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Opinions Divided on ChatGPT Bar Exam Performance

By Rachel E | Dated: 06-01-2023

Researchers at the Massachusetts Institute of Technology (MIT) have raised concerns about the bar exam performance claims of ChatGPT, the latest version of OpenAI’s AI language model. The original research suggested that ChatGPT outperformed 90% of human test-takers, but a Ph.D. candidate, Eric Martinez, argues that the actual performance may be lower, placing the AI model in the 68th percentile.

The discrepancy in percentile calculations revolves around the methodology used by the original researchers. Martinez’s paper, titled “Re-Evaluating GPT-4’s Bar Exam Performance,” questions the percentile assigned to ChatGPT based on its Uniform Bar Exam (UBE) score of 297. While the original research used the February 2019 Illinois bar exam as a benchmark, Martinez suggests that the July exam provides a more accurate comparison. The July exam typically includes a higher percentage of retakers who had previously failed, resulting in lower scores overall. Based on this perspective, ChatGPT’s percentile would be closer to the 68th percentile.

Martinez emphasizes that the widespread publicity surrounding ChatGPT’s reported “90th percentile” performance raises concerns. If the AI model cannot adequately perform complex legal tasks, there is a risk that both lawyers and non-lawyers may rely on it for such tasks. This could have significant implications for legal accuracy and decision-making.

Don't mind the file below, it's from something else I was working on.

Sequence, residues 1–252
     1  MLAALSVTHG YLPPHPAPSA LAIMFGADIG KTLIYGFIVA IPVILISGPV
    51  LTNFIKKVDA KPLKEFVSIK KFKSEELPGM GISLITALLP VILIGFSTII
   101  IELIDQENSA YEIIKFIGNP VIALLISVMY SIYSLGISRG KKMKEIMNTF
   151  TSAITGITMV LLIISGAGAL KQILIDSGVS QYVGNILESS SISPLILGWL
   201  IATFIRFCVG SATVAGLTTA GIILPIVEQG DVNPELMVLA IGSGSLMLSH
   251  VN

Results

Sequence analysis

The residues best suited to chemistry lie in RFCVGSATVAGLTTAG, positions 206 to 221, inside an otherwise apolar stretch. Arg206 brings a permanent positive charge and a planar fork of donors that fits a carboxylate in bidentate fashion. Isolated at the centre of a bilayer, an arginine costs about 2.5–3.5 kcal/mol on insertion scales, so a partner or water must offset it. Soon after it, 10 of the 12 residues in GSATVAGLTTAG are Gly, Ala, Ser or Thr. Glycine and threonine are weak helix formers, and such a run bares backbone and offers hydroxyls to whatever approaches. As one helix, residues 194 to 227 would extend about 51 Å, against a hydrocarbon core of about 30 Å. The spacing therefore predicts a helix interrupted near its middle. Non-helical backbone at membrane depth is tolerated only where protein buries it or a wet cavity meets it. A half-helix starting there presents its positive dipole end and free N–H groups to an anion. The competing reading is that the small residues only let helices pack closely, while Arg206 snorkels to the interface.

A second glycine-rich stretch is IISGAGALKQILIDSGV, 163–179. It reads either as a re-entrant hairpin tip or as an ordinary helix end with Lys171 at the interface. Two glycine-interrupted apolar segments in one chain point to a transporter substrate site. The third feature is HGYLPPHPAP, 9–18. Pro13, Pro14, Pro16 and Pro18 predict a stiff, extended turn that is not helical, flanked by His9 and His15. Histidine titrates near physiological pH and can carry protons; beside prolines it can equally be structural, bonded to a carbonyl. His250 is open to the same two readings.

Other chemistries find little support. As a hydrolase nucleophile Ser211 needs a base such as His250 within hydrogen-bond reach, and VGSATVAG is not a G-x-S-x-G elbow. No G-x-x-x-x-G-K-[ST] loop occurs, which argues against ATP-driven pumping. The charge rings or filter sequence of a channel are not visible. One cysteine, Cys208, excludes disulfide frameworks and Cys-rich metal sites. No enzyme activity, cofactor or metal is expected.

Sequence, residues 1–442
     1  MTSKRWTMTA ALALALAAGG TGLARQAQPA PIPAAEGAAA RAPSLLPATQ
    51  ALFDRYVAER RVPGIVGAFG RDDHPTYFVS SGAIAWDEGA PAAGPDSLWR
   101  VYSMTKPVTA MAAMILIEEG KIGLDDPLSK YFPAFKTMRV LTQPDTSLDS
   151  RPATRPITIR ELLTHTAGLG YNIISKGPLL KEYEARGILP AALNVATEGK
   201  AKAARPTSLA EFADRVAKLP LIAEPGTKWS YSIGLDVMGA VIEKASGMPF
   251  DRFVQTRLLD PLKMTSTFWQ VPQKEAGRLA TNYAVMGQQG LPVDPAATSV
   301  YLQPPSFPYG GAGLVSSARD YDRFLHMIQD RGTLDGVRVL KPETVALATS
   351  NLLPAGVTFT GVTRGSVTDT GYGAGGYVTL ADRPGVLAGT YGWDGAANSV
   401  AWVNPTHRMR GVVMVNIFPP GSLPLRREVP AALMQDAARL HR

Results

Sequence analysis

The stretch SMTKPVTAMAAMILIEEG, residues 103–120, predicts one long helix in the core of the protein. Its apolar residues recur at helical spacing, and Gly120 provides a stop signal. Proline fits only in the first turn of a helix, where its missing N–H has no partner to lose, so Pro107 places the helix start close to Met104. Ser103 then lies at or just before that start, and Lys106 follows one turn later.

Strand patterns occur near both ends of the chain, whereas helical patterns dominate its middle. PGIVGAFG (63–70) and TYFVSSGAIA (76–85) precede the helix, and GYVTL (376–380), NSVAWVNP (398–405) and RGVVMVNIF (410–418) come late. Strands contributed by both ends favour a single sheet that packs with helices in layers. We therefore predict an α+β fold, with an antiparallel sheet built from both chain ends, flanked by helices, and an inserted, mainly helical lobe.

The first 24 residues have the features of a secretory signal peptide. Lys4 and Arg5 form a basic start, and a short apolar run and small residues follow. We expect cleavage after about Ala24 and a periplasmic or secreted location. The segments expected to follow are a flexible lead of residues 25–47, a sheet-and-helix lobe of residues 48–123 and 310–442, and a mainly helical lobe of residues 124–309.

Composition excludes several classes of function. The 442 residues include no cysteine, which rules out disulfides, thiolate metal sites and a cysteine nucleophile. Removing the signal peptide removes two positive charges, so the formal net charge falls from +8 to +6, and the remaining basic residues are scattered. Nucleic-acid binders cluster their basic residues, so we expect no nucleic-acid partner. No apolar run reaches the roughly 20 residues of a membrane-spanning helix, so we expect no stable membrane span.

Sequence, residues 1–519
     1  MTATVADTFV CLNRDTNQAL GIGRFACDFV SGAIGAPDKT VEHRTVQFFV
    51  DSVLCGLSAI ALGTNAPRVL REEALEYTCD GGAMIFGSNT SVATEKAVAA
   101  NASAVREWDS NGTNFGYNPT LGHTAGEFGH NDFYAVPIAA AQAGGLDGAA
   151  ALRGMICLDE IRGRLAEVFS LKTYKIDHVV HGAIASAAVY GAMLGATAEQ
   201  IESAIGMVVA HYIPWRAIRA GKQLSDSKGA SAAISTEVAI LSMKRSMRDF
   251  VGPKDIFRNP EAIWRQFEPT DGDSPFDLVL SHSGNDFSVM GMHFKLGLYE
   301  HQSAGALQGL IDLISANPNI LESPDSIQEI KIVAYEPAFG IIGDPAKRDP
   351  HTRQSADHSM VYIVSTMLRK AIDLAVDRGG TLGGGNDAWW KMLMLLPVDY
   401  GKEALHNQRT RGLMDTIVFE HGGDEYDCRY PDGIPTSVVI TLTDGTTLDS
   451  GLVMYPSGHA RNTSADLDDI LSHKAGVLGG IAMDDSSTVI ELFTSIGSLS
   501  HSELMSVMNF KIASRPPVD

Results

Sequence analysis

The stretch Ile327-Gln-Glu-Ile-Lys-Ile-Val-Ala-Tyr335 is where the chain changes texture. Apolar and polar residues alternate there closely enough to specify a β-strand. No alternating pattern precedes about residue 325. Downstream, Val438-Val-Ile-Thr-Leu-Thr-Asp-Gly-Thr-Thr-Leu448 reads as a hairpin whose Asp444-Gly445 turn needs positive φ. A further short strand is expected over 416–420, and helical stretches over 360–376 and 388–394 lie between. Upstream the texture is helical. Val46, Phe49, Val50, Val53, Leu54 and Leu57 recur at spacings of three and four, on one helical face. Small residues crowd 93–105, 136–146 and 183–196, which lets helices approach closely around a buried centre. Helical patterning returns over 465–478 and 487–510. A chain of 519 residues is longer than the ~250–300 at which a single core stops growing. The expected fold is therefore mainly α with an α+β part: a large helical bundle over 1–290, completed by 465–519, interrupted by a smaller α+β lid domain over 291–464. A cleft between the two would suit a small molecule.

In response to the critique, Daniel Martin Katz, a law professor at Chicago-Kent, and Michael James Bommarito, a law professor at Michigan State, who conducted the original research in collaboration with two members from legal AI company Casetext, defend their conclusions and stand by the 90th percentile finding. However, they acknowledge the need to address points of confusion and misunderstanding in public discourse regarding their research.

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It is worth noting that converting ChatGPT’s UBE score into a percentile is challenging due to the lack of publicly available score distributions from the National Conference of Bar Examiners, which designs the exam. Additionally, states do not regularly or consistently release score distributions, further complicating the assessment.

Katz and Bommarito assert that their 90th percentile conclusion is conservative, as they excluded ChatGPT’s high essay scores and relied on pre-COVID-19 pandemic results for comparison. They also suggest that anecdotal evidence indicates a decline in law student learning during the pandemic, which may have impacted exam performance.

OpenAI, the organization behind ChatGPT, has not yet responded to requests for comment regarding the recent debate surrounding the AI model’s bar exam performance.

Differences in pass rates between the February and July bar exams can be significant. For instance, the pass rate for Illinois’ most recent July exam was 68%, while the February exam had a pass rate of 43%.

The accuracy and implications of ChatGPT’s bar exam performance remain a topic of discussion among researchers. While the original research claims a 90th percentile performance, a Ph.D. candidate has raised concerns about the methodology and suggests a lower percentile placement. The final version of the research paper is expected to address these concerns and clarify any misunderstandings.


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